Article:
Friday, April 19, 2024

It’s Friday, April 19, 2024. 

I’m Albert Mohler, and this is The Briefing, a daily analysis of news and events from a Christian worldview. 

Part I

The Stock Market is Not Taking Sides in the 2024 Presidential Election? Economic Conditions are a Lagging Indicator of Moral and Political Terms

Does it matter whether Donald Trump or Joe Biden is elected President of the United States in November? Well, interestingly, right now, according to the stock market, it doesn’t appear to matter all that much. Big, interesting issue here.

The New York Times has the interest. Jeff Sommer wrote the article, the headline was this: Trump or Biden? The Stock Market Doesn’t Care. And that’s because the stock market feels like it’s done pretty well under President Biden, but it feels like it did pretty well under President Trump. It has to factor in the COVID-19 crisis and some other things. But the point is, the stock market at this point is not really taking sides in the presidential election.

Now, when you look at this, there’s some interesting worldview questions to ask. Number one, would there be circumstances in which the stock market really would have an opinion? And the answer to that is yes. For example, you go back to an election such as, well, 1972, George McGovern on the Democratic left versus Richard Nixon running for reelection as the Republican nominee.

Richard Nixon was no radical conservative, but George McGovern was, certainly by the standards of his day, a pretty radical liberal. That would’ve made a big difference when it came to the American economy, and the stock market pretty much had that figured out. You fast-forward to, say, 1980, the election between Jimmy Carter and Ronald Reagan. At that point, the investor class was pretty much interested in moving past Jimmy Carter. Ronald Reagan benefited from all of that.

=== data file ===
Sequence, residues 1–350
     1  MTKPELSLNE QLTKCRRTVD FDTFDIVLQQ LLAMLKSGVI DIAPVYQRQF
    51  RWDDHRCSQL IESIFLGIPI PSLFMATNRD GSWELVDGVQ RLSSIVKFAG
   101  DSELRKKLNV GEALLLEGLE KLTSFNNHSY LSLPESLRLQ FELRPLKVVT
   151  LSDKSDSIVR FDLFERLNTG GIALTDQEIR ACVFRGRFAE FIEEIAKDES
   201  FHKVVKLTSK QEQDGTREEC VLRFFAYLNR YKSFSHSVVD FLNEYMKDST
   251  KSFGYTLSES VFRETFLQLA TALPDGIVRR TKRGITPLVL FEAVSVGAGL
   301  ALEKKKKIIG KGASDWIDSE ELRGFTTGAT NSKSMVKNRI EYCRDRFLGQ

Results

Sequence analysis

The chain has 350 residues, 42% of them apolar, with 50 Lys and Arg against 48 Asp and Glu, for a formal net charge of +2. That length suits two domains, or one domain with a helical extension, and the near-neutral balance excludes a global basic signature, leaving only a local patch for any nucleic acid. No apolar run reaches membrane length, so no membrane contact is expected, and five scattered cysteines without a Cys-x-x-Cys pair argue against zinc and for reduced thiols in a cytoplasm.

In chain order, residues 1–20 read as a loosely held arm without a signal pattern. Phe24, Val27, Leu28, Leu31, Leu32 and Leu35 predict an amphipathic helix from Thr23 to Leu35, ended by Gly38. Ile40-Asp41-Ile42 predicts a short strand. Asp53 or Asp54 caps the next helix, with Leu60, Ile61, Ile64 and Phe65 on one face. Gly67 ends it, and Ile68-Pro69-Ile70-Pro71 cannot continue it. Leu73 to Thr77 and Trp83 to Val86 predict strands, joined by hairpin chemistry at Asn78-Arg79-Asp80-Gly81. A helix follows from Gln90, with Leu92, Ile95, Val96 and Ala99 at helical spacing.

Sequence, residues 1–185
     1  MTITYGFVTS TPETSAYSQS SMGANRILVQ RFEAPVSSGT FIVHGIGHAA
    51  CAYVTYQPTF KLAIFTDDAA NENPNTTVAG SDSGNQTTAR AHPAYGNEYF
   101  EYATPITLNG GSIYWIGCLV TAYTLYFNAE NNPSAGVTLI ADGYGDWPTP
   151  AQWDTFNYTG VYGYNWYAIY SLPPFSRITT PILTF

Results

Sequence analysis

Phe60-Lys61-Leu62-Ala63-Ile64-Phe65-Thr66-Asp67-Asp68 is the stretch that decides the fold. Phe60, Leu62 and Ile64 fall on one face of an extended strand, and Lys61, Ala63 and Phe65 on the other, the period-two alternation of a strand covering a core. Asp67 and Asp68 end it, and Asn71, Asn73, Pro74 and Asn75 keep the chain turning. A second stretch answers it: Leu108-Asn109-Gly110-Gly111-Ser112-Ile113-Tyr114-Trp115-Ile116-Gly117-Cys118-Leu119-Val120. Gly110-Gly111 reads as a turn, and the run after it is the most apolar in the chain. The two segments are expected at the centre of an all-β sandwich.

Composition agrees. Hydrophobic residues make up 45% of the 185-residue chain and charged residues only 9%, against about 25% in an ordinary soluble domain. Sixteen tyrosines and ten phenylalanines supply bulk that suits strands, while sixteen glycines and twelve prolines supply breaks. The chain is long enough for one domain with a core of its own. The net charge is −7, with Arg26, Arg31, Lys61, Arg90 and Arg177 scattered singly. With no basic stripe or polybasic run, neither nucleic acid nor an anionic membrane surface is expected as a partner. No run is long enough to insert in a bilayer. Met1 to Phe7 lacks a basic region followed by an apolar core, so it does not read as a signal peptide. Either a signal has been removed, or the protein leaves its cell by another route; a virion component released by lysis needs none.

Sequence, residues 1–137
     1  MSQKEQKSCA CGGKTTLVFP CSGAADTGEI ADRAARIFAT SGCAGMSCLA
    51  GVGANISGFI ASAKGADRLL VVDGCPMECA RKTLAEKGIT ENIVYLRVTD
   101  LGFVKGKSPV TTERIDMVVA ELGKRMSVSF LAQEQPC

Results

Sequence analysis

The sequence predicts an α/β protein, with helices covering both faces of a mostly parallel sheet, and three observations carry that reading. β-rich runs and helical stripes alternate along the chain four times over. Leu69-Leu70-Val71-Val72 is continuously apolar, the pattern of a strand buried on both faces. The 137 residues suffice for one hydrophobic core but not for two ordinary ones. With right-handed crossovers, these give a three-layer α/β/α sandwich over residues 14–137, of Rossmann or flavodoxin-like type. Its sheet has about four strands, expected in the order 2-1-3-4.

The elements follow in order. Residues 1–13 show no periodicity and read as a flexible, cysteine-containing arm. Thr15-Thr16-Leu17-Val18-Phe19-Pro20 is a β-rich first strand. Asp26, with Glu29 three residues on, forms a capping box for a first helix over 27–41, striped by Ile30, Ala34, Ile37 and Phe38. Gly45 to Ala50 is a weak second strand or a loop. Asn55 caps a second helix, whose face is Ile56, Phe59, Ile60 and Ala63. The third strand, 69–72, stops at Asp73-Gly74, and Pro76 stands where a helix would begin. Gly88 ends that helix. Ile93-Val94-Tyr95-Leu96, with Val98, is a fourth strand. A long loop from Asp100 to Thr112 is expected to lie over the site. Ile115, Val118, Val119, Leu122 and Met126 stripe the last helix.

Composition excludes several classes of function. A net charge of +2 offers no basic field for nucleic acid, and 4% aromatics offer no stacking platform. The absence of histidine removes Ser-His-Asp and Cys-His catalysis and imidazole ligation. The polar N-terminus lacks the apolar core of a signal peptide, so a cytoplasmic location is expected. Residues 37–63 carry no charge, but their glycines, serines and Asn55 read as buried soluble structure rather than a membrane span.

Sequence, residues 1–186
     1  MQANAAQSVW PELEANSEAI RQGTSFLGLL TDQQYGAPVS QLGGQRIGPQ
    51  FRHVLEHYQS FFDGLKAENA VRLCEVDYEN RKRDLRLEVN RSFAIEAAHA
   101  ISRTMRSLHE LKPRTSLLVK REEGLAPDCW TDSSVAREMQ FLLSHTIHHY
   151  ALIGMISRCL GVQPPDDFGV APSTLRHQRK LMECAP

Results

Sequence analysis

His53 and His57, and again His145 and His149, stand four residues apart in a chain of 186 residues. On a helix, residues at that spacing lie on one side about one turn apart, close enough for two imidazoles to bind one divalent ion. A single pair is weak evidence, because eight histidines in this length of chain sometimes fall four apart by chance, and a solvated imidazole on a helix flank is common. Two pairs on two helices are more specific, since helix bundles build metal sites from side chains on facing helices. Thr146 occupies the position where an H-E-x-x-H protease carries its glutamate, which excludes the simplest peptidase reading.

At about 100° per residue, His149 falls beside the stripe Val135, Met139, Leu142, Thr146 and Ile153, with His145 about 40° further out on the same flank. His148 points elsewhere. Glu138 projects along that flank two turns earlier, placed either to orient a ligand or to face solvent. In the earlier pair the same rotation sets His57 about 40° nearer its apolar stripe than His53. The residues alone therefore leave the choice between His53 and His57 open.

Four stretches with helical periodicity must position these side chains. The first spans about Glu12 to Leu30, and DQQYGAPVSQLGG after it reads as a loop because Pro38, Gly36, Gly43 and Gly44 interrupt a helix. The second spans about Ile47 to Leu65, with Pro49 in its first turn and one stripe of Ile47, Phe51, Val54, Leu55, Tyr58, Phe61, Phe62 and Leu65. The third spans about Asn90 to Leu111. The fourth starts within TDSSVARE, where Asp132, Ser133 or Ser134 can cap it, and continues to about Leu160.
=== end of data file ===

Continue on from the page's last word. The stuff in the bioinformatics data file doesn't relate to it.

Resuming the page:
And then, of course, you had changes in terms of the market environment. You had the development of individual retirement accounts. More Americans got more deeply involved in the stock market. But then you fast-forward to 2024, and, I mean, there’s a lot of difference between Joe Biden and Donald Trump. And yet, the stock market doesn’t, at least at this point, seem to have factored in much difference.

So what is the worldview angle on all this? Well, it tells us that even as you can’t separate economics from politics or morality, there’s a sense in which economics is a lagging indicator of political and moral issues. So in practical terms, yes, there are big differences between the economic policies of Donald Trump and Joe Biden.